Jellies was built by Ken Yarmosh, founder of Savvy Apps, which has been making mobile apps for years, largely for clients like PBS, NFL, Homesnap, Navient, Levi’s, and others, in addition to passion projects like mobile calendar app Agenda and Today Weather.
As a parent, Yarmosh says he, too, was afflicted by the problems with YouTube that have recently come to light – namely, that allowing an algorithm to dictate what kids should watch will not lead to the safest environment.
“My oldest child is now five-and-a-half, but when he was two and three, he would love watching videos as many kids do,” explains Yarmosh. “YouTube became basically a non-starter because of the ads and him veering into things he shouldn’t very easily. Once YouTube Kids came out, I thought that would be the solution, so I kind of shelved the idea of Jellies,” he says.
But Yarmosh soon realized that YouTube Kids wasn’t working, either. His child was scared by videos for older kids (like one for “Hotel Transylvania 2”); he became obsessed with toy unboxings and egg surprises leading him to beg for toys; and he watched YouTube stars who demonstrated bad behavior, which impacted the way he acted.
These problems led to the creation of Jellies.
Its solution is complete human curation of video content, combined with a focus on videos that allow kids to explore their world, instead of being force-fed videos designed to promote consumerism, distraction, and bad attitudes. That is, the company’s selection of videos won’t include those with “ego-driven online ‘stars,’” the Jellies website proclaims, nor will it feature those where toys are unboxed or videos with inappropriate ads.
In fact, the app doesn’t include any ads at all.
The company instead chooses to generate revenue through a subscription model, charging $4.99/month for ongoing access to its video collection, which includes the addition of new video playlists on a weekly basis.
The video selection process is something the team at Jellies has thought about carefully. The company referenced The American Academy of Pediatrics (AAP) guidelines and age-range data from San Francisco non-profit Common Sense Media, to help with its curation process. This helped Jellies to figure out not just which videos make sense for which age groups, but also which topics should be included in its kid-friendly app.
For example, Common Sense Media suggests that videos inspiring creativity and imagination are important for children as young as two, while those that demonstrate good interpersonal skills – like sharing or waiting your turn – should be shown to slightly older kids. Videos that teach good values, like those focused on personal responsibility and ethics, can be brought in around age 5, Common Sense Media says. And older kids can be encouraged to develop critical thinking skills.
As any parent with a YouTube-addicted kid can tell you, the videos children watch can also influence their behavior. The kids begin to imitate the smart aleck-y, sassy YouTube personalities they see online, much to parents’ annoyance. Jellies’ position is that the videos children watch should demonstrate better behavior for kids to mimic. That means there are no YouTube stars on Jellies, and its videos are more educational than sensational.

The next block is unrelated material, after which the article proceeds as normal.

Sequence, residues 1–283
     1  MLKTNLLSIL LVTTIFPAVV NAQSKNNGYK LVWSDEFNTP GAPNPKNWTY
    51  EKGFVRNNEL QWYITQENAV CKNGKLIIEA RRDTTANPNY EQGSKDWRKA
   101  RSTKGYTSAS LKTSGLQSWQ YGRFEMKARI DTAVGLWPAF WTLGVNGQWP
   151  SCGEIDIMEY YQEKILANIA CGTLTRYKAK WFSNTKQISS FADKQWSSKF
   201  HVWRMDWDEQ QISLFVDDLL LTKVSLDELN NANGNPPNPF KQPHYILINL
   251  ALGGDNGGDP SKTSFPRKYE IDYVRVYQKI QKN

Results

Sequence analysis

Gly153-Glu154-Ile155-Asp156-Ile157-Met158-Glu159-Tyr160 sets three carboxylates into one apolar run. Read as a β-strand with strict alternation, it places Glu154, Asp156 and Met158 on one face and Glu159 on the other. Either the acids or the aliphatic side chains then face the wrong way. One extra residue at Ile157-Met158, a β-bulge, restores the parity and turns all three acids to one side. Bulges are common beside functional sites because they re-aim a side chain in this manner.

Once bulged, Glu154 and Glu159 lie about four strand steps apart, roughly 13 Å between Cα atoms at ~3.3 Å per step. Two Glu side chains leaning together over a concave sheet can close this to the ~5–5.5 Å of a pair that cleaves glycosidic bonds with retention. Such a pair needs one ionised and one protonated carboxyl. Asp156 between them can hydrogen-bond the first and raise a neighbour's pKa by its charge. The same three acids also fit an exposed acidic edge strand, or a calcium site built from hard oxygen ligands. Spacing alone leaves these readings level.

To create the initial round-up of videos featured in Jellies, video viewers watched thousands of hours of YouTube videos to make sure they fit the company’s criteria. There are now over 3,000 handpicked videos across over 100 topics, with 4-5 being added per week, including seasonal topics.
Some technology helps with video selection, but ultimately human curation is the final deciding factor here.
“While we are developing tech to help, notice computers are last in our list. Yes, we get that the industry believes scale is important and values that highly or solely. We believe safety and quality are more important than algorithms that scale as of now,” says Yarmosh.
Beyond the more careful curation of content compared to what’s found on YouTube, Jellies also introduces a number of controls that put parents in charge of what the kids get to watch. Though a “Parents Model” option, moms and dads can select their kids’ favorite topics for inclusion in the app – like trains, planes, baby animals, sea creatures, and the like, for example. They can also add educational content, like ABCs and Shapes, if they choose, and remove other content as they see fit.
Meanwhile, children use the app in a special “Kids Mode” that lets them move between topics and explore videos, giving them a sense of autonomy even though they’re viewing only parent-approved videos.
Though Jellies does feature videos for schoolagers, not just preschoolers, it may be hard to pull older kids out of YouTube’s world after having been immersed for years.
It may be easier for parents with younger kids to just present them with Jellies, and never make YouTube watching an option.
A number of apps over the years have tried to offer curated versions of YouTube, but Jellies is hitting at a crucial time – when things have gotten so bad on YouTube’s platform that brands are even freezing their advertising due to its unsafe nature for children. That could help the app find an audience.